Each essay is a reflection of Jim’s heart. Like this:

“Our world is so full of people who are planning to change the world. They are simply waiting for the right time. I do believe that I must include myself in this group. We wait and wait and the right moment never comes, and we never make our contribution to the improvement of our world. Opportunities to serve people surround us. The right time is now. Always, the time is now.”

I haven’t met many people as humble as Jim O’Leary. Of course, he’d get a sour look on his face, glance at his feet, and shake his head if he heard me say that. And that’s because, as I knew him, he really was a self-effacing man.

One day, during one of our brief meetings, I wanted to get a rise out of him. “Jim,” I said, “since I’m not Catholic, instead of calling you ‘Father,’ can I just call you ‘Dad?’”

He did laugh. “Just don’t call me what my parishioners call me,” he said.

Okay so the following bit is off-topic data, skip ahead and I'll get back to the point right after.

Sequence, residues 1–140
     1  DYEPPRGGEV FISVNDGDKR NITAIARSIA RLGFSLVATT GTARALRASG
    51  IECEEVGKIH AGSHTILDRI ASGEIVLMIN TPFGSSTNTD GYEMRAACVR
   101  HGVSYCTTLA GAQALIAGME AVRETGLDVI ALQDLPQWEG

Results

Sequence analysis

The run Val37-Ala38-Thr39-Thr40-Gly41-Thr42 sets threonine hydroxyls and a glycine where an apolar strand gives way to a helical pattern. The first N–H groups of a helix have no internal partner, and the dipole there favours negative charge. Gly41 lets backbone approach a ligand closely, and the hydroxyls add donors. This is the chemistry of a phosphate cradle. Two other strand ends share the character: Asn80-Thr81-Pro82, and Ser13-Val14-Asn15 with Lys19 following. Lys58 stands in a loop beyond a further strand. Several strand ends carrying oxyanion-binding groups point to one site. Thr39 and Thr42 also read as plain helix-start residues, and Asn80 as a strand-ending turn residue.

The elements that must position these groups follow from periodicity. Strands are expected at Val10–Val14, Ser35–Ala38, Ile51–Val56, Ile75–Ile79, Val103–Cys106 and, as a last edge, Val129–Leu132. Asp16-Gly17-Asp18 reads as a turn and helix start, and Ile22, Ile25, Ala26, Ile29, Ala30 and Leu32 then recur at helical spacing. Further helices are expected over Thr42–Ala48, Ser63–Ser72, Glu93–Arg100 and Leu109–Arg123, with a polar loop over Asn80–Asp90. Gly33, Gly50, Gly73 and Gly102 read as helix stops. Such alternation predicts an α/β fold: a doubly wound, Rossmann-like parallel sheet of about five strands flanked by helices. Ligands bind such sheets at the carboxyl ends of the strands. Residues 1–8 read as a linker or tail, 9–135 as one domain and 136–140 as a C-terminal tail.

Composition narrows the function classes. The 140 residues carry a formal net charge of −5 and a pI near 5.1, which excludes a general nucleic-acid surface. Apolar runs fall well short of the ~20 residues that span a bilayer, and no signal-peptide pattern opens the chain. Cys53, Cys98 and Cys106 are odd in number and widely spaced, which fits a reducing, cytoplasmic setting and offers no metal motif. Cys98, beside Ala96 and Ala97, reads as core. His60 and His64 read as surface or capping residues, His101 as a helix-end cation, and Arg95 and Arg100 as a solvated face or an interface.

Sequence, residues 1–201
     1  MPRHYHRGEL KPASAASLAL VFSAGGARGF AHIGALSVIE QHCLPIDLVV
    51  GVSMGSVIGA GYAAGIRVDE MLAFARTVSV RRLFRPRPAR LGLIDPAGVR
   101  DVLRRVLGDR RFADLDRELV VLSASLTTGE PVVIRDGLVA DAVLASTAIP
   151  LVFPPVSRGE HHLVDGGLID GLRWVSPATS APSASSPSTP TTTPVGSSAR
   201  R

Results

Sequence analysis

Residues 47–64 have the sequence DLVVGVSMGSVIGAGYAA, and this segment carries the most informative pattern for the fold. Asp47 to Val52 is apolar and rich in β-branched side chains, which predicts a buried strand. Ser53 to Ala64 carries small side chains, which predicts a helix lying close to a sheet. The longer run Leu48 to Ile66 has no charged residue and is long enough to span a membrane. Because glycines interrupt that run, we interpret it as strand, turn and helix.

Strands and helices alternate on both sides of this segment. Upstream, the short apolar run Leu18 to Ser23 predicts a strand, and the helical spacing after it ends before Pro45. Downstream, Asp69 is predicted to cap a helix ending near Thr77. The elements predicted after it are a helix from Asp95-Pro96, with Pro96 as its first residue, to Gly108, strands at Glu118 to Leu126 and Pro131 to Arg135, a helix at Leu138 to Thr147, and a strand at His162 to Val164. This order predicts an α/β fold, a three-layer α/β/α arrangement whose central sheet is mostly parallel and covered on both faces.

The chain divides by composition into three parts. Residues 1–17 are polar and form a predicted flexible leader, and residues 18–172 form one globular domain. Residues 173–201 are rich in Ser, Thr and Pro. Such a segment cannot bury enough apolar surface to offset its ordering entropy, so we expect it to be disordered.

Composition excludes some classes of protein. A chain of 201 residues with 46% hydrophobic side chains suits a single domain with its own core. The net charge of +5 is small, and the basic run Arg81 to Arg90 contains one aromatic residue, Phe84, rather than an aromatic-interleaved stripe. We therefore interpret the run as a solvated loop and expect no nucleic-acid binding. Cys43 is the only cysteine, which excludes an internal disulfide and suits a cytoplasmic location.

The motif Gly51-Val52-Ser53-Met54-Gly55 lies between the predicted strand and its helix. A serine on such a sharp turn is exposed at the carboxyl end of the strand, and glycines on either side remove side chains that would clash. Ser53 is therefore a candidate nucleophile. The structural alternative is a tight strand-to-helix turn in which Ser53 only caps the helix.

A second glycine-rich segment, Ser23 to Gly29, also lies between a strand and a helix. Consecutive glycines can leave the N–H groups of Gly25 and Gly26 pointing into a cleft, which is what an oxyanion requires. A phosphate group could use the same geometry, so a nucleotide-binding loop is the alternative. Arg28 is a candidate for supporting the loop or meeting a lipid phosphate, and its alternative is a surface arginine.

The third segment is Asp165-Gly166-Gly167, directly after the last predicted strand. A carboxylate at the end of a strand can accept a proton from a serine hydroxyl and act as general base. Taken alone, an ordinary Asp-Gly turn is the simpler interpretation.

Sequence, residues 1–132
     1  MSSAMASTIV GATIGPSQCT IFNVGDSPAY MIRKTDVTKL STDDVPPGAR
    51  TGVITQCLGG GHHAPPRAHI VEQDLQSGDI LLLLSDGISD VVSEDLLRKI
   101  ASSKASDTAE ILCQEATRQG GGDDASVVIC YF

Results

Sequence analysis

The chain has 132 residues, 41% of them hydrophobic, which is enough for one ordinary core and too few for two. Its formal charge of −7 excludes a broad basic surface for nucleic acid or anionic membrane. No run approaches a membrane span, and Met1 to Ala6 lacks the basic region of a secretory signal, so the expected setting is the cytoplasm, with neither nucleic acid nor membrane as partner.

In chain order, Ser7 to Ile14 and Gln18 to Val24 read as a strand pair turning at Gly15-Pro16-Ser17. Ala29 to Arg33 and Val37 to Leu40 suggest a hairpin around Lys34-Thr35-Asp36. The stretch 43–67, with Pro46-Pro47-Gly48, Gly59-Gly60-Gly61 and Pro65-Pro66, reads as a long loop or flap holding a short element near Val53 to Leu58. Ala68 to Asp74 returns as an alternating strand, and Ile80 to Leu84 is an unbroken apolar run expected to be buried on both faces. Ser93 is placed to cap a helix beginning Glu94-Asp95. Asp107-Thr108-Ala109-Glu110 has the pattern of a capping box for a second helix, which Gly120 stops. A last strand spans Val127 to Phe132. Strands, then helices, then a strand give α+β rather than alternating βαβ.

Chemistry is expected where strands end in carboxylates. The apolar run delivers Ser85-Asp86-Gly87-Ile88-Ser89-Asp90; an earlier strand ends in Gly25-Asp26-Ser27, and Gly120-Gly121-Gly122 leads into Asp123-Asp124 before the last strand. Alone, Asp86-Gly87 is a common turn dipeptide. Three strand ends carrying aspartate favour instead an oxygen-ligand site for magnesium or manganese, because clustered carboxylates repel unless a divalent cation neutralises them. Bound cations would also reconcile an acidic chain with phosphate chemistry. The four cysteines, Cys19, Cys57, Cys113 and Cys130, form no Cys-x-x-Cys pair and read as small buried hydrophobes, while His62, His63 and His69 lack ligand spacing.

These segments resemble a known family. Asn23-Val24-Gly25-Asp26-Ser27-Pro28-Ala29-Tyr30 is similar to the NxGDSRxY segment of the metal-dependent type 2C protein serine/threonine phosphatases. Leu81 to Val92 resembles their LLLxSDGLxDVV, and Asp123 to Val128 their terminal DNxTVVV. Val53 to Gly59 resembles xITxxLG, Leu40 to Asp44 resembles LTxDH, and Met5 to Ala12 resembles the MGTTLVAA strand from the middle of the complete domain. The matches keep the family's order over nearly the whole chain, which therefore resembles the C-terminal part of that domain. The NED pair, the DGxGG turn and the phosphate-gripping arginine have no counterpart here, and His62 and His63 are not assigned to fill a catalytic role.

“What’s that?”

In a matter-of-fact style and with a straight face, he said…No, I better not. It wasn’t a nice name. But I’m sure he was joking with me as well. That twinkle in his eye, you see.

“I Think I Am Happier Than I Think I Am” is filled with stuff like this. No, not bad words. But his way of seeing things. His constant love for God and for people. His explanations about Jesus and His earthly ministry. Metaphors for life derived from everyday observations. Father Jim doesn’t try in his book to convert anyone, but it’s plain he hopes you’ll believe in the One who was born, preached the Good News, and died to save us from ourselves. Jim always admitted that he needed saving from himself and his stories reveal his gratitude for God’s mercy.